Ohtani, Acuna lead new Top 100 Prospect list

Braves are tops with six pitchers, two position players on rankings

Shohei Ohtani (left) has the potential to be a standout pitcher and position player. Ronald Acuna had a breakout 2017.

By Josh Jackson / MiLB.com | January 27, 2018 9:00 PM

The Atlanta Braves are set to enter the season with the most players on MLB Pipeline's new Top 100 Prospects list, including baseball's No. 2 overall prospect, with Ronald Acuna behind only a player who's prospect status likely will not last beyond the first few weeks of the Major League campaign.

The Angels' Shohei Ohtani, a two-way player and perhaps the only newcomer this century to draw comparisons to Babe Ruth, is the top overall prospect. As a right-handed pitcher, he features an 80-grade fastball and a five-pitch mix. As a left-handed-hitting outfielder, he has a 65-grade power bat, 65-grade speed and an 80-grade arm. Ohtani signed with the Angels for $2.3 million in December and is expected to break Spring Training with the big league club.

Acuna, who climbed from Class A Advanced to Triple-A while batting .325/.374/.522 with 21 homers and 44 steals, wrapped up 2017 by earning MVP honors in the elite Arizona Fall League. The outfielder turned 20 on Dec. 18. Ranked directly behind Ohtani, Acuna is one of eight Braves prospects to make the Top 100.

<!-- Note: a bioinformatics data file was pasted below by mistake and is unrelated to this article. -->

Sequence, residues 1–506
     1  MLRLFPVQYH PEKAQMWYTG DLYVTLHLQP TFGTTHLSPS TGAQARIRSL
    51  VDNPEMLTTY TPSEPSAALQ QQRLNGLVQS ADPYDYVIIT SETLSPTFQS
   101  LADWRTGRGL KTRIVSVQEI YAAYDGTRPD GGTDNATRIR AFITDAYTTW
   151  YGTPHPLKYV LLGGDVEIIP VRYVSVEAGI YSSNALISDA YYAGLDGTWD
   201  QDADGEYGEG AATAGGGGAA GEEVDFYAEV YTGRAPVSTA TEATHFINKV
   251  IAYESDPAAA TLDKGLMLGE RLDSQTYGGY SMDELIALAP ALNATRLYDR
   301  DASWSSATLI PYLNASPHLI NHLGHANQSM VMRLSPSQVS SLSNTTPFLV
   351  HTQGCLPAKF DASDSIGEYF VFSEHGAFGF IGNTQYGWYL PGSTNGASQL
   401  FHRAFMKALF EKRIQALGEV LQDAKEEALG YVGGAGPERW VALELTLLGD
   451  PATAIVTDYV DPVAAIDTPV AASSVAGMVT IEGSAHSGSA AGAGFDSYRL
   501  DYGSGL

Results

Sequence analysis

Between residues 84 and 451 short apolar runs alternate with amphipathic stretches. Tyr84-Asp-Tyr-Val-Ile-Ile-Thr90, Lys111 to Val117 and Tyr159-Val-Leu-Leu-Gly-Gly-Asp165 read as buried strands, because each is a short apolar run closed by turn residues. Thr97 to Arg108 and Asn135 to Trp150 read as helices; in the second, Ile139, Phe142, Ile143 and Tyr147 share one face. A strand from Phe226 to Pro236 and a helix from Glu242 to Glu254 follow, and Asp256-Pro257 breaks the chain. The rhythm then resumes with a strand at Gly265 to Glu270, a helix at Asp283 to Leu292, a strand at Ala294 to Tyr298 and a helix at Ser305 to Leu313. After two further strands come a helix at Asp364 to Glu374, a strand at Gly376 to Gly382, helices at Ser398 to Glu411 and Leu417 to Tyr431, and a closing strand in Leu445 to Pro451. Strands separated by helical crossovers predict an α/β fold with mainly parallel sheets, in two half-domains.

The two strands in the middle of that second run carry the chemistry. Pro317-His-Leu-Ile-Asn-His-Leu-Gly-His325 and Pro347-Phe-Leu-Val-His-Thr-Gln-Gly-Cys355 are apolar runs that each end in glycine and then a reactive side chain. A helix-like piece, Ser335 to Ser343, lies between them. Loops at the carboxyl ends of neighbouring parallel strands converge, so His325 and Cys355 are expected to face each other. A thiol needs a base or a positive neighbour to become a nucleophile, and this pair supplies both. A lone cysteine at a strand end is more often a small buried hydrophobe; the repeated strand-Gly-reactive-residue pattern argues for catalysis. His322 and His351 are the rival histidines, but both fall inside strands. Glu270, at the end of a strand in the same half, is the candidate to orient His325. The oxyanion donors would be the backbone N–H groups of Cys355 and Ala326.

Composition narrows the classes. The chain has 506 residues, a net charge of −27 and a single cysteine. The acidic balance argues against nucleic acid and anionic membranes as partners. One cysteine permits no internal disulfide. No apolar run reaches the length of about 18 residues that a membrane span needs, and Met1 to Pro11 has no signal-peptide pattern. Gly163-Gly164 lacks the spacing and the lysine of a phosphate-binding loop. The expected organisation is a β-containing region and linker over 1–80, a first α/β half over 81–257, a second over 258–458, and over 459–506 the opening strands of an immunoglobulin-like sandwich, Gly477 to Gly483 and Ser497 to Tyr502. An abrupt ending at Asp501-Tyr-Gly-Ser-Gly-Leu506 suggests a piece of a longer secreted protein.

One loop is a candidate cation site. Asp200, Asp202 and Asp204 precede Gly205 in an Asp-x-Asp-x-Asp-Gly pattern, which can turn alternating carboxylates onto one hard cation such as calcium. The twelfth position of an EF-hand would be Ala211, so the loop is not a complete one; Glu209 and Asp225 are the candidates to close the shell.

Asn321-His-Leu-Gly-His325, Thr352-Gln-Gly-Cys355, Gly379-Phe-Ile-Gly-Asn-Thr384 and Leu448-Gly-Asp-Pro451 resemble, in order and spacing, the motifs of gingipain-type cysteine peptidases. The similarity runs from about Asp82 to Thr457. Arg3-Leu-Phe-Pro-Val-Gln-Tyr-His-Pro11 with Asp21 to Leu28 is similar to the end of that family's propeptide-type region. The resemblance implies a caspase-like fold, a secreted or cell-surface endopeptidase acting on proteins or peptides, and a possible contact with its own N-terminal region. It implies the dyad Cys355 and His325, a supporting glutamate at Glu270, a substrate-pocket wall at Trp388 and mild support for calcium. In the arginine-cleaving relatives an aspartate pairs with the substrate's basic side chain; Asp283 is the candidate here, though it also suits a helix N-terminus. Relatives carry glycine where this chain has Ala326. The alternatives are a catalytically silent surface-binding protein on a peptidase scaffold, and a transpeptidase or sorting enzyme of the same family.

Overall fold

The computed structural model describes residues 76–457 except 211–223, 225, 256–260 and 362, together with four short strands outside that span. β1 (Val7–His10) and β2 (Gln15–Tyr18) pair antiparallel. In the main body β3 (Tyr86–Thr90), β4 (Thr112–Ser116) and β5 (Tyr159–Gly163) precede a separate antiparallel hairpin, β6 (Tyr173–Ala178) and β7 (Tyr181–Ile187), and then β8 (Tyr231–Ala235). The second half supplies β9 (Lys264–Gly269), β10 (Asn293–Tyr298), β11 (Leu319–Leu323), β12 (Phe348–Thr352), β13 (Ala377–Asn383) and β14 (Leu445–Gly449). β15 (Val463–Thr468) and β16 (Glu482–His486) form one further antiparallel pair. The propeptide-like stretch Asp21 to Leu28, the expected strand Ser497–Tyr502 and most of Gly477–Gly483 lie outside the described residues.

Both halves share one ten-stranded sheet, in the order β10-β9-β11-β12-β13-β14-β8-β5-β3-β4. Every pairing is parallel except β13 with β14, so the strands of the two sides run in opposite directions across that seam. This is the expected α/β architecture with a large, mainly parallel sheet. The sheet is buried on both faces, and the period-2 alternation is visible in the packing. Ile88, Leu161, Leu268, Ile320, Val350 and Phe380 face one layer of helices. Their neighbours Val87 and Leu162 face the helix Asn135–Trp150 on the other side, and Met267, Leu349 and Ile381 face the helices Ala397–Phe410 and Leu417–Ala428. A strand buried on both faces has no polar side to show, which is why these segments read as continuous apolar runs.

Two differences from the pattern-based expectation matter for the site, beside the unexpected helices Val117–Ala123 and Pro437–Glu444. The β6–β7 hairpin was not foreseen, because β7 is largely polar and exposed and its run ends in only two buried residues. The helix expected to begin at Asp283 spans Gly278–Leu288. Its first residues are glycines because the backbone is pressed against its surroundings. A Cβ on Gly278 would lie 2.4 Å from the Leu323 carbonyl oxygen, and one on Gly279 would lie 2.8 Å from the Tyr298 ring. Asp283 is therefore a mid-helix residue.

MLB.com's 2018 Top 10 Prospects for Opening Day
Rank Name Pos. Organization
1 Shohei Ohtani RHP/OF Angels
2 Ronald Acuna OF Braves
3 Vladimir Guerrero Jr. 3B Blue Jays
4 Eloy Jimenez OF White Sox
5 Gleyber Torres INF Yankees
6 Victor Robles OF Nationals
7 Nick Senzel 3B Reds
8 Fernando Tatis Jr. SS Padres
9 Forrest Whitley RHP Astros
10 Michael Kopech RHP White Sox


Blue Jays third baseman Vladimir Guerrero Jr. (No. 3), White Sox outfielder Eloy Jimenez (No. 4) and Yankees infielder Gleyber Torres (No. 5) round out the top five slots. Of the trio, only Torres placed in the top 10 spots -- third behind Andrew Benintendi (Red Sox) and Yoan Moncada (White Sox) -- on the 2017 preseason Top 100 Prospect rankings.


Beyond the Braves, six systems have five or more prospects in the Top 100.

The Padres boast seven, including six prospects among the top 50, more than any other organization has in the upper half of the list. Shortstop Fernando Tatis Jr. comes in at No. 8 and left-hander MacKenzie Gore is No. 19. Like Atlanta, the system has a highly prized position player but is especially rich in pitching.

The White Sox, who in last year's rankings were behind only the Yankees and Braves (seven apiece) with six players, are tied with the Padres with seven this year. Two -- Jimenez and hard-throwing right-hander Michael Kopech (No. 10) -- are in the top 10, with Cuban outfielder Luis Robert at No. 28 to give them three players among the top 50.

With Torres leading the way, the Yankees have six players on the list, including outfielder Estevan Florial at No. 44 and left-hander Justus Sheffield at No. 48.

Like the Angels, the Rays feature a two-way player -- first baseman/left-hander Brendan McKay (No. 25) -- and have five other players in the Top 100. Right-hander Brent Honeywell, who was No. 31 last year, moved up to No. 12.